i do think it's a cultural thing as i'm japanese and we eat japanese food at home often. when my mom and i eat sushi we talk about how great and delicious it is so there must be some sort of unconscious brainwashing that occurred.
he also enjoys kid food so i'm not one of those parents that insist my child has a mature palate as if it's some badge of honor ;) my sister did that with my nephew and now he's 10 and all he'll eat are burgers and hot dogs.
we have a friend who is 4 and loves raw onions. big and raw!
My straight-up vanilla, blond haired, blue-eyed daughter is koo-koo for ikura. And she'll eat the nastiest, stinkiest cheese we can give her. But, like you, I'm not getting smug about how she has such a sophisticated palate. Even though my husband is a chef and I'm also in the food business. She still won't touch green salad with a ten foot pole and she doesn't really like sauces or anything too sweet. Strange child...
Kids' food attitudes and palates are partially innate, and partially based on exposure. I tried and loved everything as a kid - caviar, shellfish and seafood, anything pickled, anything spicy, every veggie. My brother, on the other hand, was much pickier, despite the same exposure. I hope my kids inherit my diverse palate!
"kids don't like broccoli!"
I did not know that.
Mine did, and still do. But they have always liked all kinds of foods. To the OP, I've never been surprised at anything they've liked. Perhaps that's because their dad, their stepdad, and I have always been adventurous eaters, and the boys never knew they weren't 'supposed' to like certain foods..
I would guess that more kids like broccoli than most people who don't have kids or haven't worked with kids would think.
I worked as a cook in a daycare for a while and aside from the youngest babies who had some trouble chewing it, broccoli was definitely one of the favorite veggies - second only to green beans. Occasionally I would put some cheese on it, but generally just with a bit of salt and pepper and they would chow down on it - never any leftovers.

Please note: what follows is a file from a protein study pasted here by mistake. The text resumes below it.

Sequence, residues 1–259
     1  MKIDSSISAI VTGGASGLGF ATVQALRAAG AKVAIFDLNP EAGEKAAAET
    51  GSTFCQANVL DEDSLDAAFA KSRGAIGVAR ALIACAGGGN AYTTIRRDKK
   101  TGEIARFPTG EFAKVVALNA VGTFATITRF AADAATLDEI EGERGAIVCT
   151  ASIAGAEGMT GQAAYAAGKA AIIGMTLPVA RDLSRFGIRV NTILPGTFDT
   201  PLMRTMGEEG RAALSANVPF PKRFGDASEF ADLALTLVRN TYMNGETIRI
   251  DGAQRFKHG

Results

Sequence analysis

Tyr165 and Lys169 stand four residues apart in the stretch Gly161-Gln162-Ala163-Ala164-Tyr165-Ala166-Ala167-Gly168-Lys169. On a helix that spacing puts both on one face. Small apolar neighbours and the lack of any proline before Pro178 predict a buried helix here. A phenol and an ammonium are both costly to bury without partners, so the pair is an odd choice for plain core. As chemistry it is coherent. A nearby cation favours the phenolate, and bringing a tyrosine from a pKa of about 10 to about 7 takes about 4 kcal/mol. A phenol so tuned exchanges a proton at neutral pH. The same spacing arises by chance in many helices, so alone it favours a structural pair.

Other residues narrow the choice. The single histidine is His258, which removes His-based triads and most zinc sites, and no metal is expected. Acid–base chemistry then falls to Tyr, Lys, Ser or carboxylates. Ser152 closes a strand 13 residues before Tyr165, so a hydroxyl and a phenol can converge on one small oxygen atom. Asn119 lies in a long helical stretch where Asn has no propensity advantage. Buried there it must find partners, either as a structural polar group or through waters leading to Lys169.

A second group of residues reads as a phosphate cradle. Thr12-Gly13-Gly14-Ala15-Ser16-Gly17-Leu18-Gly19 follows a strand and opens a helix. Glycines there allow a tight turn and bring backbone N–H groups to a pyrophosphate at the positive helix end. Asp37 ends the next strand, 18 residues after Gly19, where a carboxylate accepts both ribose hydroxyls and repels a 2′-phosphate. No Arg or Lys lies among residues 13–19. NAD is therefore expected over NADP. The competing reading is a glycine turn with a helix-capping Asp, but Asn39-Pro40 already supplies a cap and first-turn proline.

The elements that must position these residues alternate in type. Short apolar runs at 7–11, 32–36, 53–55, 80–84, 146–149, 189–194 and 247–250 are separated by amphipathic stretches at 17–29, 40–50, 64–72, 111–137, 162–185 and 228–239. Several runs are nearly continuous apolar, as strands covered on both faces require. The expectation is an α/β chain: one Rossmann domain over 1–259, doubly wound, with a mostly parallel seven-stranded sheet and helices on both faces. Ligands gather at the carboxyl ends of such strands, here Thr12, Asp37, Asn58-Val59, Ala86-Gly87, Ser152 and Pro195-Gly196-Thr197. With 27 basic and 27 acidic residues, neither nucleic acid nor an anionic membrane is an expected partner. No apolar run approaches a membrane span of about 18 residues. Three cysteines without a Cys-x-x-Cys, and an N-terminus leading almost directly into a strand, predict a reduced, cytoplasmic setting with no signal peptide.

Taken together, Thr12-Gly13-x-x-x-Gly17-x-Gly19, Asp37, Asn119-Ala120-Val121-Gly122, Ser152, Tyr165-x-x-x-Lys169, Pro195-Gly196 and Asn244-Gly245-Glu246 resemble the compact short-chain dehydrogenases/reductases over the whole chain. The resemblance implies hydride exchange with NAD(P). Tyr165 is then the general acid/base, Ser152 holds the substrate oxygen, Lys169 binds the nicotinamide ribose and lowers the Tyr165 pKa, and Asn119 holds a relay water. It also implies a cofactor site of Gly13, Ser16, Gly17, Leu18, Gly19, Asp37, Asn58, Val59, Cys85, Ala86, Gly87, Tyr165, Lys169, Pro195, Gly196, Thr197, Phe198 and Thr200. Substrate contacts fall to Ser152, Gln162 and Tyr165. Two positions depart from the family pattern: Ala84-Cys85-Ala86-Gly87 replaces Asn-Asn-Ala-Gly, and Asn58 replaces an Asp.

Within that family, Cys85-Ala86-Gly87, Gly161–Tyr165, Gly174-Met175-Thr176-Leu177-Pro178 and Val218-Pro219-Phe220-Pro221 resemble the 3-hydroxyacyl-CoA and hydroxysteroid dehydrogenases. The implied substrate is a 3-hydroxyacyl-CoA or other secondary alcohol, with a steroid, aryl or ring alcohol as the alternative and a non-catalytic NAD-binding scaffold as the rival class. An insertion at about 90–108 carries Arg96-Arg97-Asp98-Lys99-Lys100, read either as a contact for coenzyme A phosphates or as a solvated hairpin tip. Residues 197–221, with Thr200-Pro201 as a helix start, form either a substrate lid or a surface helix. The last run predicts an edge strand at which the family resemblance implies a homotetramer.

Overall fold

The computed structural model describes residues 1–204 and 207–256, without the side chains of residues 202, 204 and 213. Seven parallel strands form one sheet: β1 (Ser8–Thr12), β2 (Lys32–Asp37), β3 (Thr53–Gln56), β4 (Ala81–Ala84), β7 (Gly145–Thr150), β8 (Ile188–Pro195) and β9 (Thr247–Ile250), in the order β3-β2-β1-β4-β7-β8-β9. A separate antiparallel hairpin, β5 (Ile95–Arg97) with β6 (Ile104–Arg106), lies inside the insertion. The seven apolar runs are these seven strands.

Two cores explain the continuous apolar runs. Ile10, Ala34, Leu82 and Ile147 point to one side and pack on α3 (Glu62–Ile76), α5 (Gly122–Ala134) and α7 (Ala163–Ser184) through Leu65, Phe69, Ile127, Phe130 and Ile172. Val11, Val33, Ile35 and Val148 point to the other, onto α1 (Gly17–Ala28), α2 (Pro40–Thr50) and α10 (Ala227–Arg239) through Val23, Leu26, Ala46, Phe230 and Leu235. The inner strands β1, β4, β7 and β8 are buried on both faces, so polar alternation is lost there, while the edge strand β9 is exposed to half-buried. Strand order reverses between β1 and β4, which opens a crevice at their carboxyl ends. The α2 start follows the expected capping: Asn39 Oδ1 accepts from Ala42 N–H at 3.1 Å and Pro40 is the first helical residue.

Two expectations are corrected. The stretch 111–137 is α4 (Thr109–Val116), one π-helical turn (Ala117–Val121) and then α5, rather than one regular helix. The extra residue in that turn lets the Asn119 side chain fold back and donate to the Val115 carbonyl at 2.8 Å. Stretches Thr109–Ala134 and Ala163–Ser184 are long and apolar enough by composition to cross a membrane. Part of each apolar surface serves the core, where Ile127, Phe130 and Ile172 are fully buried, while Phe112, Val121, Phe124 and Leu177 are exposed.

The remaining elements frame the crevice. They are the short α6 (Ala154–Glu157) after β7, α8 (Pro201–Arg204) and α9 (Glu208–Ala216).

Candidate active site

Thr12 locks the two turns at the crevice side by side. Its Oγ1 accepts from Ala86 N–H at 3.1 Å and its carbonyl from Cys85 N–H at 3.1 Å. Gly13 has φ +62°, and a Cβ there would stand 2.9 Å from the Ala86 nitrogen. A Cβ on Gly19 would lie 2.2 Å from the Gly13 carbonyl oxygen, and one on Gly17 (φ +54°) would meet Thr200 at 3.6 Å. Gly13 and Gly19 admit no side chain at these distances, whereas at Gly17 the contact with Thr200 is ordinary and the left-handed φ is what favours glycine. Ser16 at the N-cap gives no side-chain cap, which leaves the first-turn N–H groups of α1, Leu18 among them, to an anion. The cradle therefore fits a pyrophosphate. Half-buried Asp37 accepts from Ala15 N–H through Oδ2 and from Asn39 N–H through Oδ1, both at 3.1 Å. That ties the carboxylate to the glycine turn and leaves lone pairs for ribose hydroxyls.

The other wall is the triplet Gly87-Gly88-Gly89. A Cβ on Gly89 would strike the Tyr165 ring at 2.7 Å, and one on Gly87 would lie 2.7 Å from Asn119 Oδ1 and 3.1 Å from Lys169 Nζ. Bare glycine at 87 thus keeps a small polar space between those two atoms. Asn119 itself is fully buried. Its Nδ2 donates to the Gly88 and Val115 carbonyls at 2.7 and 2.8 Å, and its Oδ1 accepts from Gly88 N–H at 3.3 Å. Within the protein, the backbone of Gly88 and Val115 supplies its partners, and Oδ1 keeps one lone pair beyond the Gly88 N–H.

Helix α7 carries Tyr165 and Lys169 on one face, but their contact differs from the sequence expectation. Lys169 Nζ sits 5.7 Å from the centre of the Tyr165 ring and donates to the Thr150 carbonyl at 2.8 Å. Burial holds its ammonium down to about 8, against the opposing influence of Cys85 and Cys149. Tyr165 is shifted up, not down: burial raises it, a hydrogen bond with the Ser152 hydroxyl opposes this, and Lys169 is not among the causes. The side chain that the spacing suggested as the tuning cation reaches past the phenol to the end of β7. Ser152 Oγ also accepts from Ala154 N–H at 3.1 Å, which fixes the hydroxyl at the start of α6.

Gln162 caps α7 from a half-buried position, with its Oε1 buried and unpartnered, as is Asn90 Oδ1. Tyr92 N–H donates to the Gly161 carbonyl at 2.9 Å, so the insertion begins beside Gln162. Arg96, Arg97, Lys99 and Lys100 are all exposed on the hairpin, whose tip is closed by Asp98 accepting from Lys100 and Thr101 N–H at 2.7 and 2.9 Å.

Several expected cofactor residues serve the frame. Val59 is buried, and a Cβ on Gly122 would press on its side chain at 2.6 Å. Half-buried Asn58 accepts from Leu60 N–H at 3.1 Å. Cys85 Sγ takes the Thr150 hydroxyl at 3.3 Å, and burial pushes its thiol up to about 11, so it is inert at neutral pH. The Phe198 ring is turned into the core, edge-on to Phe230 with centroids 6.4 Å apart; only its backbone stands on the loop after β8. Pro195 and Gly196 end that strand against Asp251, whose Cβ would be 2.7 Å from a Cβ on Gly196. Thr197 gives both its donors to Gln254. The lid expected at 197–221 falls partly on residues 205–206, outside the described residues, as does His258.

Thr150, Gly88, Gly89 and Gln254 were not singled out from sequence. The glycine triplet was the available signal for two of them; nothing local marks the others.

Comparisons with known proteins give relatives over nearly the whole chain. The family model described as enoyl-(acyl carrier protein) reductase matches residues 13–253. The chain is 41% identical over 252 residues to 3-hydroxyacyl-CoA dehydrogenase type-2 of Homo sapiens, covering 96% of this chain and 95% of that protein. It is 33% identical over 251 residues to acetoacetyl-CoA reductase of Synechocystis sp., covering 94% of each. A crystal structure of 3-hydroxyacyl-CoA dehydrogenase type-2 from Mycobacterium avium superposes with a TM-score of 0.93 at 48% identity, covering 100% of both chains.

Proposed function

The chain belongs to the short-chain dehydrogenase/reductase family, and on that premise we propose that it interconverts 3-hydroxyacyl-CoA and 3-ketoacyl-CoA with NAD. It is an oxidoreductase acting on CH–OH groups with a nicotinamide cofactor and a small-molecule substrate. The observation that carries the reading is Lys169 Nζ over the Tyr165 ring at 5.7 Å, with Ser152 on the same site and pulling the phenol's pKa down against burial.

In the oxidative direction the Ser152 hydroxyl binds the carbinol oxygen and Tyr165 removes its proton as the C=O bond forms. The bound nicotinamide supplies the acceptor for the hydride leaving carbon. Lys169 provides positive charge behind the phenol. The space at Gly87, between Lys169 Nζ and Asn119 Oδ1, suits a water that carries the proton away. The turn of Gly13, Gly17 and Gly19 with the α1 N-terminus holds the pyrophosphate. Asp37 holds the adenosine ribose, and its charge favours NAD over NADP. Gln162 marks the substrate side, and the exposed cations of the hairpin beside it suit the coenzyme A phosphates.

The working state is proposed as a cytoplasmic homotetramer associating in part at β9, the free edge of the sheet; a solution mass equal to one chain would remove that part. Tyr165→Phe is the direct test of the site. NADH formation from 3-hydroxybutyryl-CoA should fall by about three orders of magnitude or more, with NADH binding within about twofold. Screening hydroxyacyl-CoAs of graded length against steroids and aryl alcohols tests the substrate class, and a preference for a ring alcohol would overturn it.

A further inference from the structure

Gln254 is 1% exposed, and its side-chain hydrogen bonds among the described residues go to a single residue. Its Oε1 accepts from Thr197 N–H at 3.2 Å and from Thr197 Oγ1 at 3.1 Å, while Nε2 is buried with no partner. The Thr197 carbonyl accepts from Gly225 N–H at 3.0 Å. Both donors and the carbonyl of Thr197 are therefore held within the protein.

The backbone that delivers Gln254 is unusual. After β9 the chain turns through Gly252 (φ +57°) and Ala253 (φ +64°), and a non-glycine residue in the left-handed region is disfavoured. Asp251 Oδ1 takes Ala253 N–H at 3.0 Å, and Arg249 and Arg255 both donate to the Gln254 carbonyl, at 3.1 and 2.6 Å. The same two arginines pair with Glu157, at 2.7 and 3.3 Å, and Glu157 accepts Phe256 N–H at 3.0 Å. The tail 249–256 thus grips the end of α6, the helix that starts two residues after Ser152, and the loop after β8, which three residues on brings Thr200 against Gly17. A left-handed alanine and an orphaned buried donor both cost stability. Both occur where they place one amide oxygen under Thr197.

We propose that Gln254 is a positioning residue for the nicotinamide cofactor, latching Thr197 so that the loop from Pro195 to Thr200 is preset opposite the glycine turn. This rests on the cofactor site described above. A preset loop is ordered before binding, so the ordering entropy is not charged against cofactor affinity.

My kids had a Grandmother who was from Sicily. She would bring them teeny tiny sardines and smelts, that she had skinned and boned ever so carefully; each one roasted w/ olive oil in its own little packet. She'd bring sauteed spinach w/raisins and pine nuts, etc. and feed them in their high chairs.
They loved it. Until the day my son came home from kindergarten and announced he "hated" spinach and I looked at him as if he had grown a third eye. "What are you talking about?"
However, he was adamant and wouldn't touch any of the special "Grandma delicacies" for many, many years.
He had found out that his friends didn't eat the stuff he did, and that was that. No amount of coaxing, pleading, begging, threatening, worked.
He is 28 now and eats just about anything. Except dark meat chicken, his grandmother again in the oppostie direction. She filled his head with stories of nasty tendons and veins. She is scared to death of chickens.
I think this is a pretty common story where eating "normal" with your friends becomes really important. Food is a huge bonding experience, and not being able to bond with your friends/peers with food can be distressing for a kid in school. I remember many battles with my mom to come up with school lunches that were healthy according to my mom's dietician standards but would fit in amongst my friends eating lunchables and little debbies.
I then got older and went back to eating all the weird things from my early childhood - but my elementary/middle school years of eating lunch at school was heavily shaped by what my friends were eating.
I'm amazed that my kids will eat just about anything. For a while there, the youngest would eat ONLY pb&j and pizza, but thankfully that has gone away. They are 15/13/11 so have grown out of the toddler food battle stage. I think part of it is the way we present "different" foods to the kids. If we put it out there as a completely regular / usual food, they will accept it that way. Yes...there ARE a couple of things they won't do (baked beans and Swiss cheese for example), but overall, anything goes - you name it.